Small Businesses Crushed Even Before Pandemic

      March 28, 2022 08:35

      The earnings of small business owners and the self-employed have been declining since 2018, even before the coronavirus pandemic dealt the fatal blow to many.

      People Power Party lawmaker Yoo Gyeong-joon last week said data from the National Tax Service show that the number of self-employed people who reported either losses or no income already rose from 179,000 in 2017 to 226,000 in 2018 before jumping to 282,000 in 2020 when the pandemic began.

      Some 5.23 million people registered as self-employed in 2020, be it running small shops or as freelancers, and 5.3 percent made no profit or lost money. This is the first time that a comprehensive overview of the earnings of self-employed people has been released.

      The losses did not start with the coronavirus pandemic. According to the NTS figures, the average pre-tax profit of self-employed people fell gradually from W22.5 million in 2017 to 22.1 million in 2019 (US$=W1,221). But the decline became steep in 2020, plunging to W21.8 million.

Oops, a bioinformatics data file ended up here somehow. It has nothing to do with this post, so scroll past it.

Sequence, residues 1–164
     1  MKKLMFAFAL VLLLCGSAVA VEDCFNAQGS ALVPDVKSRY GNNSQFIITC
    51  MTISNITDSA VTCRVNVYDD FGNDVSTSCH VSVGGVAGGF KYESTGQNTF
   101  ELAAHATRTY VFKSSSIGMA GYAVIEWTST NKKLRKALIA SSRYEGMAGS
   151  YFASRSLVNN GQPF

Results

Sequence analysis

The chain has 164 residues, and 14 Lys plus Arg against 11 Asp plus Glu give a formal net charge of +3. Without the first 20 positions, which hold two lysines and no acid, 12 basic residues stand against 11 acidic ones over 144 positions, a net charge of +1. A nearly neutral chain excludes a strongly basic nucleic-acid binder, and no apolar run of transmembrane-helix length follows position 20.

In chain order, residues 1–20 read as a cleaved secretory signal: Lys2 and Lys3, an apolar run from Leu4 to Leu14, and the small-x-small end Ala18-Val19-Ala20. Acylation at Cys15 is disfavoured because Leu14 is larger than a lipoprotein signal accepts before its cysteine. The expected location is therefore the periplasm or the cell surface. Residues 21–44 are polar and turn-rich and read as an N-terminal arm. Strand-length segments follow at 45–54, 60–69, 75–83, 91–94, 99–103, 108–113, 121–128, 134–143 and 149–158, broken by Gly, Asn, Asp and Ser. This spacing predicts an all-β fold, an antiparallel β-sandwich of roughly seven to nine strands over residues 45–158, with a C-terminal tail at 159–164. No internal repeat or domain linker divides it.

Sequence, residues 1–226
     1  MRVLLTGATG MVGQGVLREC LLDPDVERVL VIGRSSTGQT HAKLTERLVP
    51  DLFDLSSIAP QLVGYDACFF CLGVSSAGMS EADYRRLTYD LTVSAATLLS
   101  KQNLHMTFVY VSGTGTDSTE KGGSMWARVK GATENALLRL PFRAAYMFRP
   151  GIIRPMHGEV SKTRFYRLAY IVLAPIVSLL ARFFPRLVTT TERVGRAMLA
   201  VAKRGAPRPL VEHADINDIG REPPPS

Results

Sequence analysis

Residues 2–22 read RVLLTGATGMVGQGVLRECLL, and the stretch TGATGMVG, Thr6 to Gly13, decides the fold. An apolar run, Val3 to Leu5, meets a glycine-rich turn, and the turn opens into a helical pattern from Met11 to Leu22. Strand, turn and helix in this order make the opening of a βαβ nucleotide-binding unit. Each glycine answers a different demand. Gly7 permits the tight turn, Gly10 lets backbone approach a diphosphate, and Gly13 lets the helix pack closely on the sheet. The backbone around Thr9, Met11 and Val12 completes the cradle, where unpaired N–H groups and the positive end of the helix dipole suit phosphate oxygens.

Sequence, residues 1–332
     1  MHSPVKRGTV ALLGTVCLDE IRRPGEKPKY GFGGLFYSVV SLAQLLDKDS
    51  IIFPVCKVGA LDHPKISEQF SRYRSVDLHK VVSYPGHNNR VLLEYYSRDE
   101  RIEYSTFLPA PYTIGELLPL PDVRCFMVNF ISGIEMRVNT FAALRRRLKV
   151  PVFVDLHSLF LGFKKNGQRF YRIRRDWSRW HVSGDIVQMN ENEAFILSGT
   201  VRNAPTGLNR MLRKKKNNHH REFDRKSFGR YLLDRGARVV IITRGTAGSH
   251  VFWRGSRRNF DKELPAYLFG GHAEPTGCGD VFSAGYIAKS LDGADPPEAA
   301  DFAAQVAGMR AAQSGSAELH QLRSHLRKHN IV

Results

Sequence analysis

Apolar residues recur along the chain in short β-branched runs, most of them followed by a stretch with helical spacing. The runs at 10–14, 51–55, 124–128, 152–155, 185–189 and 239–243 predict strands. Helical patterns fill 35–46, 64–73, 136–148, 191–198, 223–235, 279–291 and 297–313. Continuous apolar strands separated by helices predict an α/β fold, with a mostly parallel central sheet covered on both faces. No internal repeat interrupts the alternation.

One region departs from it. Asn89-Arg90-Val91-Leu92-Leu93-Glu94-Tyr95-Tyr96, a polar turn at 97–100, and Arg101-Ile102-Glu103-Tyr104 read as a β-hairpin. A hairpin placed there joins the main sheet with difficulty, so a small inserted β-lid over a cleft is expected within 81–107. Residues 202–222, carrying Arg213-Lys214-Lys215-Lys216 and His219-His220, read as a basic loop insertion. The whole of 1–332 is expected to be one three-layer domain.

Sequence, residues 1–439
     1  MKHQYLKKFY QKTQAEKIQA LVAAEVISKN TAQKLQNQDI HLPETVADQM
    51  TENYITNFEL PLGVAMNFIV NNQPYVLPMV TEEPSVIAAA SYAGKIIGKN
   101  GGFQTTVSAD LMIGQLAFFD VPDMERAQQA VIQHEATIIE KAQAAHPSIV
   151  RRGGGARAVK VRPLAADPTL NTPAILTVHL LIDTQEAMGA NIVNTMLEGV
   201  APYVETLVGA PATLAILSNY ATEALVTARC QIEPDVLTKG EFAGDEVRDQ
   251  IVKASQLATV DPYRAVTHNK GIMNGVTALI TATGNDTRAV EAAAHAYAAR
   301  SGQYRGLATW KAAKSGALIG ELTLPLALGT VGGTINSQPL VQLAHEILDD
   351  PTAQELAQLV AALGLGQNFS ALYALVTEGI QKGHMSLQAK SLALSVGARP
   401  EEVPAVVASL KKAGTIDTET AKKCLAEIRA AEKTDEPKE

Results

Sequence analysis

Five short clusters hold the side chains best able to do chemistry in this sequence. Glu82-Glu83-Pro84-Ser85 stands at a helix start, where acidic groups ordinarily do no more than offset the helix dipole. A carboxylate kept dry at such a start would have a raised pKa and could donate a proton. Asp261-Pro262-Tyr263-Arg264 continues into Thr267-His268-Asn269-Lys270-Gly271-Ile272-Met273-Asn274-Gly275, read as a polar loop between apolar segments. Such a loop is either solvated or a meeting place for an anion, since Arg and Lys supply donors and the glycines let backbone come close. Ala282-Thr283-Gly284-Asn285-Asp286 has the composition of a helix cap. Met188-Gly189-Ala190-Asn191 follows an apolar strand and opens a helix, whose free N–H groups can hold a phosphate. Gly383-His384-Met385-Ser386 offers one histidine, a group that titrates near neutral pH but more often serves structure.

By contrast, the average pre-tax earnings of wage earners continued to grow from W36.9 million in 2017 to W40.3 million in 2020.

      One reason for the declining earnings of the self-employed may have been the sharp increase in the minimum wage for shopkeepers who employ personnel. The government increased the minimum wage by 16.4 percent from W6,470 in 2017 to W7,530 in 2018 and by another 10.9 percent to W8,350 the following year.

      "Due to the drastic minimum wage hike pursued by the Moon Jae-in government, average wages of people who already have jobs increased, while losses suffered by the self-employed increased and this has been statistically proven," Yoo claimed.

      The finding at any rate contrast with government data that seem to show a steady rise in profits among the self-employed. According to Statistics Korea, the average household income of self-employed people grew from W63.6 million in 2017 to W65.9 million in 2020.

      The discrepancy arises partly because if a self-employed person registers zero profit in their first year or two of operation, the first money they make is already tallied as profit growth rather than the base point.

      Income disparity also worsened among the self-employed since the pandemic began. The income quintile share ratio -- the difference between the top and bottom 20 percent -- among the self-employed rose from 37.54 times in 2017 to 39.45 times in 2020.

      This trend is attributable to the pandemic prompting more people to have food delivered to their homes, so some restaurants and grocery stores did brisk business while other, less established ones languished or closed. 

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